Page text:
By now you’ve probably seen artful pictures of mushroom coffee populating your Instagram feed, but if you haven’t, here’s a quick intro. Mushroom coffee is a blend of ground mushrooms and coffee beans, which supposedly tastes pretty similar to regular coffee. Mushroom coffee tends to use medicinal mushroom extract as opposed to the culinary mushrooms you might be used to, like Portobello. The coffee is made by extracting the fruiting bodies of the mushroom which are compressed into an organic powder, free from additives. The mushrooms are then dehydrated and ground into a fine powder mixed with ground coffee beans.
The most popular mushrooms used include:
- Lion’s Mane
Chaga – The Chaga mushroom is a type of fungus that grows mainly on the bark of birch trees in cold climates, such as Siberia and Russia. It produces a woody growth, similar in appearance to burnt charcoal, though inside has a soft orange coloured core. Chaga has been used as a traditional medicine for centuries to boost immunity and has also been used to treat diabetes. Test tube studies have suggested that Chaga can improve immunity by reducing long-term inflammation. Chaga has also shown to reduce the blood sugar levels of diabetic mice, which is why some believe it may help those with diabetes, however human tests are yet to go ahead.
Lion’s Mane – These mushrooms get their name from their appearance; they are large, white, shaggy mushrooms that resemble a lion’s mane. They’re used in Asia for both culinary and medicinal purposes. They contain bioactive substances that are beneficial for the brain, heart, and gut. A study in older adults with mild cognitive impairment found that consuming 3 grams of powdered Lion’s Mane daily for four months improved mental functioning. However, these benefits stopped when the supplementation stopped. Other studies have shown similar positive effects on the brain. A high dose of Lion’s Mane extract was given to rats immediately after a stroke which helped to decrease inflammation and reduce the size of stroke-related brain injury by 44%.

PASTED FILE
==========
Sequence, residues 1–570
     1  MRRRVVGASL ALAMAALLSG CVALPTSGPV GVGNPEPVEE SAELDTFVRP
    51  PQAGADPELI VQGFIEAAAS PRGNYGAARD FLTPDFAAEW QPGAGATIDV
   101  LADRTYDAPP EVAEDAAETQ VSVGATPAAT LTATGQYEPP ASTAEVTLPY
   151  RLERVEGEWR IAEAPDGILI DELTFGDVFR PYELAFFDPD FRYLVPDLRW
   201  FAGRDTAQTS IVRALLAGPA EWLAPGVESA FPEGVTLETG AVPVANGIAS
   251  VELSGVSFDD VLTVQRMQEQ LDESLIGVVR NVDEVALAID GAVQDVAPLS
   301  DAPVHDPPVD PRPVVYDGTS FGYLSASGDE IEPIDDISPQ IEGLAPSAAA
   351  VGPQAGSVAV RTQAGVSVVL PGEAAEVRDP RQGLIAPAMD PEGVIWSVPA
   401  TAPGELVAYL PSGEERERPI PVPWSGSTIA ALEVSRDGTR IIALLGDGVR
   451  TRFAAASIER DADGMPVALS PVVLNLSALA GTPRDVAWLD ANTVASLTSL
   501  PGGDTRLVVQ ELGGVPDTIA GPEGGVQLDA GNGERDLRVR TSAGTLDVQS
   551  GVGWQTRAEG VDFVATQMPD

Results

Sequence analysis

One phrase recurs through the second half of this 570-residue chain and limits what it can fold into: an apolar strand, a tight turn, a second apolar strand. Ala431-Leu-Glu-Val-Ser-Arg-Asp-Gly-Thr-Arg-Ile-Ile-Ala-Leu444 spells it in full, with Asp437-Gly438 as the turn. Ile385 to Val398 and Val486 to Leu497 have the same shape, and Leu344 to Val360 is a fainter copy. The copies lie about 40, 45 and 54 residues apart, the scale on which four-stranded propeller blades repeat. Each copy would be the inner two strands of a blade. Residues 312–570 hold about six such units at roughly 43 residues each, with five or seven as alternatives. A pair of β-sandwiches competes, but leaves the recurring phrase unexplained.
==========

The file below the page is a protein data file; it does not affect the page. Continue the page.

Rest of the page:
Reishi – The Reishi mushroom grows in humid locations and has been a staple in Eastern medicine for years. Reishi is thought to have immune boosting properties, as research has shown that some of the mushroom’s molecules can increase the activity of a type of white blood cell called natural killer cells. These cells fight infections and cancer in the body.
Cordyceps – This is a type of parasitic fungi that grows on the larvae of insects and is widely used within traditional Chinese medicine. It is thought that the mushroom may increase the body’s production of the molecule adenosine triphosphate (ATP), which is essential for delivering energy to the muscles. Cordyceps may also have anti-aging properties, as studies found that the mushroom increased antioxidants in aging mice, helping to improve memory.
The main health benefits attributed to mushroom coffee are improved sleep, boosted immune system, higher energy levels and improved memory. However, it is worth noting that human studies on the health benefits are lacking, plus it can be a pretty costly habit, mushroom coffee is often double the price of your classic coffee blend.
Aside from the health benefits, mushroom coffee blends tend to be lower in caffeine than regular coffee. As the mushroom powder is usually combined with the ground coffee beans in a 1:1 ratio, meaning the caffeine content is halved in comparison to regular coffee. So if you're looking for a way to reduce your caffeine intake mushroom coffee could be a great alternative.
If you enjoyed this, check out our post on the benefits of a plant based diet.